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What Design Can Do's Climate Action Challenge
The Climate Action Challenge shortlist includes a self-powering greenhouse designed by Marjan van Aubel

What Design Can Do reveals shortlist for Climate Action Challenge

A backpack radio station designed to warn remote communities of impending natural disasters and a bio-degradeable tower that harvests water from air are among the projects shortlisted in What Design Can Do's Climate Action Challenge.

Dezeen is media partner for the Climate Action Challenge. The contest – organised by What Design Can Do (WDCD) in collaboration with the IKEA Foundation and Autodesk – asked creatives from around the world to come up with new ways to combat climate change and its impacts.

The 35 shortlisted designs were selected from 384 submissions from 70 countries, which focused on the topics of water, energy, food, housing and health.

What Design Can Do's Climate Action Challenge
Arturo Vittori's Warka Tower, which harvests water for rural populations without drinking sources, is one of the projects shortlisted

On the shortlist alongside Iman Abdurrahman and Joris de Groot's backpack radio station is Arturo Vittori's bio-degradable Warka Tower, and Mirjam de Bruijn's condensed household cleaning products, which come in the form of waterless capsules.

Other selected projects include Ilteris Ilbasan's low-cost treatment beds, which are designed to be used for contagious disease outbreaks in developing countries, and a self-powering greenhouse by Marjan van Aubel.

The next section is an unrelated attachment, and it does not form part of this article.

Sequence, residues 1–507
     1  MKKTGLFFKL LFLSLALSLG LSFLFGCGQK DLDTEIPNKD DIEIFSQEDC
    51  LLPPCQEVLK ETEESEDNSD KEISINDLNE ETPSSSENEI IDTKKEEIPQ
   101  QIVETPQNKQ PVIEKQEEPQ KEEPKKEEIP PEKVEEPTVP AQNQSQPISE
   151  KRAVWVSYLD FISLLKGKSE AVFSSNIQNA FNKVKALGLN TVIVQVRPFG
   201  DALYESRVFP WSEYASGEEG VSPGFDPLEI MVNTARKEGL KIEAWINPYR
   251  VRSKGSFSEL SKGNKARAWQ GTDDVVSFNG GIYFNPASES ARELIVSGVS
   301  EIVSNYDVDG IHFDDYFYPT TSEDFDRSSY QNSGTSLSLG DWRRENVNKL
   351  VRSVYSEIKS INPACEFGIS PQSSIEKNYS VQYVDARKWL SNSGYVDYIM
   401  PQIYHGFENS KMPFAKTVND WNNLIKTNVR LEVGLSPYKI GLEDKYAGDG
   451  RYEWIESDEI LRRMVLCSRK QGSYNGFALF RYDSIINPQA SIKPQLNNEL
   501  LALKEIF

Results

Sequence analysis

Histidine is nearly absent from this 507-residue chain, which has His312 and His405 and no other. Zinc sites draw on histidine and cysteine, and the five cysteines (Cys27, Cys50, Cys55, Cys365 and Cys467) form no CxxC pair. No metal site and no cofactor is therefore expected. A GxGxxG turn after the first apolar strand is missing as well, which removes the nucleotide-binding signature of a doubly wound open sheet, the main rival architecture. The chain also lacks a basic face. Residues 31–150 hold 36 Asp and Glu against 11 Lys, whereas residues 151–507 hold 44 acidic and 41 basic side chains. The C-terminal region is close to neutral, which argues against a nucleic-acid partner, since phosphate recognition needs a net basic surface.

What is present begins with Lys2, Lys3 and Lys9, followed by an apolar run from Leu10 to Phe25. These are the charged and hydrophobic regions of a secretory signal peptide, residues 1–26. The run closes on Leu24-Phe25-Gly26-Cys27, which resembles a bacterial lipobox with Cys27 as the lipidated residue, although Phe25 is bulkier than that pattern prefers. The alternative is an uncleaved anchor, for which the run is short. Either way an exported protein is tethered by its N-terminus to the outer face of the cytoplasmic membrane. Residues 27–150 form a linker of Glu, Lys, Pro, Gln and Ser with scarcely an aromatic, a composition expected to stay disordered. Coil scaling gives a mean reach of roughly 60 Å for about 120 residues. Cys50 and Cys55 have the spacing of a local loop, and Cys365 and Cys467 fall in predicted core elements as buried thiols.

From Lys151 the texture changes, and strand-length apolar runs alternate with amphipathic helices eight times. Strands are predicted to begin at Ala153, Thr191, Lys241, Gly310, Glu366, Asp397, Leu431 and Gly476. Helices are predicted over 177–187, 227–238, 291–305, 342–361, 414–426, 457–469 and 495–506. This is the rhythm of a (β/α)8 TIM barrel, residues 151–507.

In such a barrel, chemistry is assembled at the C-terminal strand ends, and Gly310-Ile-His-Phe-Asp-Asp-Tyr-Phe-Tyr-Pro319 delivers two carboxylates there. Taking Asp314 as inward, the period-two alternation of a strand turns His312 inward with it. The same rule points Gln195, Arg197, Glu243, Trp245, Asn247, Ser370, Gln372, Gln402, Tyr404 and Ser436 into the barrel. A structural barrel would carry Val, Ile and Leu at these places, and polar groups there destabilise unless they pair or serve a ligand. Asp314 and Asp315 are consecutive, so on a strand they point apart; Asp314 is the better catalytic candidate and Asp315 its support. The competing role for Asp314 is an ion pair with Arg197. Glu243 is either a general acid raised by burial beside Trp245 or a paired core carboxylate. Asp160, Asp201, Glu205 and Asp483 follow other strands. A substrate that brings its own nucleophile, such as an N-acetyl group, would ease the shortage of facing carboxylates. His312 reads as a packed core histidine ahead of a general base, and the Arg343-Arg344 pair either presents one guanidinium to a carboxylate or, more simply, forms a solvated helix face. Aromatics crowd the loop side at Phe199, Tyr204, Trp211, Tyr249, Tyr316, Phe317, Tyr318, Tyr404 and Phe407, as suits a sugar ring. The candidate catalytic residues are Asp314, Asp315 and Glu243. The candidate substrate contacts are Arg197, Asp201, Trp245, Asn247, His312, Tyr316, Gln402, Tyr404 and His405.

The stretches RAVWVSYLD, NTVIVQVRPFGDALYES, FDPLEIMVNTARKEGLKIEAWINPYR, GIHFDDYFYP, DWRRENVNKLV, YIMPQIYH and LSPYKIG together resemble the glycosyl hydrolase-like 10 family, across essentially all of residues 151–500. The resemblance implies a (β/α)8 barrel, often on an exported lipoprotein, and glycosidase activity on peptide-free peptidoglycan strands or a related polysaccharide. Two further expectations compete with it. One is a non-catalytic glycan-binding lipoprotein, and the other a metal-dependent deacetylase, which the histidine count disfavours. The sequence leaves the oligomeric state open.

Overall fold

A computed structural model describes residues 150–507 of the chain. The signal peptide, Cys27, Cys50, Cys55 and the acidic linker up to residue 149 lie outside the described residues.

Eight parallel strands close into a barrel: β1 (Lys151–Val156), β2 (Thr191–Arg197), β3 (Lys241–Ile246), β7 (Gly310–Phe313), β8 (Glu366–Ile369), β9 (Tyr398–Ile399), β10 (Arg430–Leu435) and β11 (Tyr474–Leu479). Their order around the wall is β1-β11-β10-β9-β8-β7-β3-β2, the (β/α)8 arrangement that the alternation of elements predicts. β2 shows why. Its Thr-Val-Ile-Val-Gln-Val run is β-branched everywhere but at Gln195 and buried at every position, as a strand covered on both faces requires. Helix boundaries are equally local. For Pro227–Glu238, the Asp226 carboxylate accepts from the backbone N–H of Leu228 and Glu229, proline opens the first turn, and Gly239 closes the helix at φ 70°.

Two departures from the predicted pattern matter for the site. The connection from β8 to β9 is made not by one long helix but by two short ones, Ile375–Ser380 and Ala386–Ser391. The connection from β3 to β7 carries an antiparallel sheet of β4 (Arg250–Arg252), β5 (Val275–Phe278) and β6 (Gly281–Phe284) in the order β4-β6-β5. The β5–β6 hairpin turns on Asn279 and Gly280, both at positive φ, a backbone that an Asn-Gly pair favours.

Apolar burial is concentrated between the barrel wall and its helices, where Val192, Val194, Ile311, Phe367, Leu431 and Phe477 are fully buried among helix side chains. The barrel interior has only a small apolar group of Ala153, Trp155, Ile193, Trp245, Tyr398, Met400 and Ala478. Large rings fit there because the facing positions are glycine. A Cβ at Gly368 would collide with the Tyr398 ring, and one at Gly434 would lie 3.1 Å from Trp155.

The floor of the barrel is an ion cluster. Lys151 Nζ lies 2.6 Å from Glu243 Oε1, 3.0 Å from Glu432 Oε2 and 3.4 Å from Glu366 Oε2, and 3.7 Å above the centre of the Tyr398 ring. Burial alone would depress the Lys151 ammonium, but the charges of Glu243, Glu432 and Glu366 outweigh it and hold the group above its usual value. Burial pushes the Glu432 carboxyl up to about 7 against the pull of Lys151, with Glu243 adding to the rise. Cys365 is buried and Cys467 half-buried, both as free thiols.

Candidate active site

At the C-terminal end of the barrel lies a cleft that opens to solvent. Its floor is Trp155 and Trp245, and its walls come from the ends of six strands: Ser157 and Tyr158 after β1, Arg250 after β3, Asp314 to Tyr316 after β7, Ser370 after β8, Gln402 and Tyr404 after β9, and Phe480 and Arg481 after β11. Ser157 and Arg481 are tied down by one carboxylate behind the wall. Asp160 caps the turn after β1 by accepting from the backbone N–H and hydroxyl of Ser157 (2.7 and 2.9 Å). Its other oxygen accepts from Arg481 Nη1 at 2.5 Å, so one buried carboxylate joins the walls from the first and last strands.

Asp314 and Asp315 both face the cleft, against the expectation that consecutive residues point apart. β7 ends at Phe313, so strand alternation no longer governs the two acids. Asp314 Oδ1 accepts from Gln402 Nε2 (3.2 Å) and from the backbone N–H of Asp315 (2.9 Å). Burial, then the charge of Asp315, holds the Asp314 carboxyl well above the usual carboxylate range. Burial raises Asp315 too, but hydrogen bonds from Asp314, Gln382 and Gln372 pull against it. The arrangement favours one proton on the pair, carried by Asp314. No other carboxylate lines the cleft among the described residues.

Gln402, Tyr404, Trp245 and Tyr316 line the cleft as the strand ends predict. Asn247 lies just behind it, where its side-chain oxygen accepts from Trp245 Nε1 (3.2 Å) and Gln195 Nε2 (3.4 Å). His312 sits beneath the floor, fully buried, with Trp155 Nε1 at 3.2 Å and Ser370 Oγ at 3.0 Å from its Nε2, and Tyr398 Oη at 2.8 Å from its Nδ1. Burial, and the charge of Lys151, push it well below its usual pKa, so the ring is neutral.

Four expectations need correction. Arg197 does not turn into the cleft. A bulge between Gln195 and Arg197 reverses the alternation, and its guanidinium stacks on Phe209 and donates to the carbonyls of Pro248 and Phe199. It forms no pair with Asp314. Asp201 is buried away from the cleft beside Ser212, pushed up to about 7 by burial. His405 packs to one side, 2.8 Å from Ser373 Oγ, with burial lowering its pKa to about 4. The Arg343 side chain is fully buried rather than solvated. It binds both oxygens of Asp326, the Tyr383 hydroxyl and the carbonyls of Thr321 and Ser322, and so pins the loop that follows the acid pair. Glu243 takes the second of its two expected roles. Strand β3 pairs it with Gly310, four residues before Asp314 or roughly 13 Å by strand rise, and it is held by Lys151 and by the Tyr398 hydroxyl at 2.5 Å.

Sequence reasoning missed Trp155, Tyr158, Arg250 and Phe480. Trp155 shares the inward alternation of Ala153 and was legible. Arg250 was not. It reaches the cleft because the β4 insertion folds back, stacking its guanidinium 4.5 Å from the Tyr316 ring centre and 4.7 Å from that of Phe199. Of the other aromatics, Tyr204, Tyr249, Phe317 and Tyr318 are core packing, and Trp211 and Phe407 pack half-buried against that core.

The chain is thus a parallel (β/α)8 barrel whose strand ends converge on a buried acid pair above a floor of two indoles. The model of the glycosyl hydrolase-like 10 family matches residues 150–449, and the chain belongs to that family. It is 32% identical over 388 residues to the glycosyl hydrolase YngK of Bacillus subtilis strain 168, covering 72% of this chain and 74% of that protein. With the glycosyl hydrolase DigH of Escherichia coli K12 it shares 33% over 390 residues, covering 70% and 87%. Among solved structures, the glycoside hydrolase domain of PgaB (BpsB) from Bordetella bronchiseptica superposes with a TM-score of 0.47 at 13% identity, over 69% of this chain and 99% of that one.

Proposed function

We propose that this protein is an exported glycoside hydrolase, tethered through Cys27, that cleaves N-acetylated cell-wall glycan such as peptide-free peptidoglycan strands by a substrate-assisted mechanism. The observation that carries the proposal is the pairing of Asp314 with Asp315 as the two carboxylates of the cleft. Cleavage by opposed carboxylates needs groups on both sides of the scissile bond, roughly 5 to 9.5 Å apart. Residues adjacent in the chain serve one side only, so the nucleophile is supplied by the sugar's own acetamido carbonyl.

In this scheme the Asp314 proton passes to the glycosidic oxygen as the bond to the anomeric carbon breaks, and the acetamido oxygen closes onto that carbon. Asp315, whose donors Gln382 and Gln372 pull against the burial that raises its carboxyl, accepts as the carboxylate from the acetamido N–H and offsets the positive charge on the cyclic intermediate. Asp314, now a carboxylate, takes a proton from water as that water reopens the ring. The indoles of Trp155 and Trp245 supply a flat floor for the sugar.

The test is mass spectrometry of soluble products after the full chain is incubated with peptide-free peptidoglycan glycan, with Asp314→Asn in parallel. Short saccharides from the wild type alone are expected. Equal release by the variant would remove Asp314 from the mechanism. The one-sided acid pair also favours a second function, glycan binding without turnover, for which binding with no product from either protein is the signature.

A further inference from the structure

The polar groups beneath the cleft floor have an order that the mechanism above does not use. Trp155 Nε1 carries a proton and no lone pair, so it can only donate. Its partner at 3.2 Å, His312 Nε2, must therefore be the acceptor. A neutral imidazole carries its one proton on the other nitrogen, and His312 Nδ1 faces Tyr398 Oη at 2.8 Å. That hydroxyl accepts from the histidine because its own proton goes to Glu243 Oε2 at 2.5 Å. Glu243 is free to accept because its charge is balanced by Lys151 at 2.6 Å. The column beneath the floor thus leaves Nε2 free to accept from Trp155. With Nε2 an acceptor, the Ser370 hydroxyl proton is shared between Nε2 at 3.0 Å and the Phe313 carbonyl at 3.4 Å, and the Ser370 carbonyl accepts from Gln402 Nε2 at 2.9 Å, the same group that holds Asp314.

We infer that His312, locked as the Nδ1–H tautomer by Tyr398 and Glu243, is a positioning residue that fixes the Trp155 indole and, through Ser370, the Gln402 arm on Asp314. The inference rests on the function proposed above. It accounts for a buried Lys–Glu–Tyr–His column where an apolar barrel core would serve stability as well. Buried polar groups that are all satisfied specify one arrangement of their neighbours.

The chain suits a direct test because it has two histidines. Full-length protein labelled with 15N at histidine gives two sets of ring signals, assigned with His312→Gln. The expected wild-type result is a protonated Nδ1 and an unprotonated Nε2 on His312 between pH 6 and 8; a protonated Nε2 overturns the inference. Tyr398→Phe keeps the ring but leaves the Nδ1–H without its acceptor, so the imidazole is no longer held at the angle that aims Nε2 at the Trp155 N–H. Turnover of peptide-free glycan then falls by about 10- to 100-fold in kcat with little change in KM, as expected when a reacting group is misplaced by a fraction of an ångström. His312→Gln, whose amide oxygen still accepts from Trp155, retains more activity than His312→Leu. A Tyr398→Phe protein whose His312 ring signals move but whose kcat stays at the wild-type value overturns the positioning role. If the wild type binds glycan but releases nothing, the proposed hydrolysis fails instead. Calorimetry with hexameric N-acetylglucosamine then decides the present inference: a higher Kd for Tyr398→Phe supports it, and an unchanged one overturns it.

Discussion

What Design Can Do's Climate Action Challenge
Another nominated design is Iman Abdurrahman and Joris de Groot's backpack radio station, which helps isolated communities access information about natural disasters

"The results of WDCD Climate Action Challenge show that creatives worldwide are concerned with our planet, and have a focus on the future," said Richard van der Laken, co-founder and creative director of What Design Can Do.

"These projects tell me that if we act now, we can work on creating a conscious and active next generation," he added.

Winners from each category – professionals, startups and students – will be selected from the shortlist by an international jury, to share an award package worth €900,000 (£800,000). This includes a production budget and an acceleration programme that will assist designers in developing their proposals.

What Design Can Do's Climate Action Challenge
Student Mirjam de Bruijn's collection of sustainable cleaning products is also on the shortlist

The jury includes Joe Speicher, CEO of the Autodesk Foundation; Elizabeth McKeon, head of strategy at the IKEA Foundation; Joel Towers, executive dean at Parsons School of Design; and Naresh Ramchandani, partner at design firm Pentagram.

The winners will be announced at What Design Can Do's live event in São Paulo on 23 November 2017. To find out more about the competition and other nominated projects, visit the What Design Can Do website.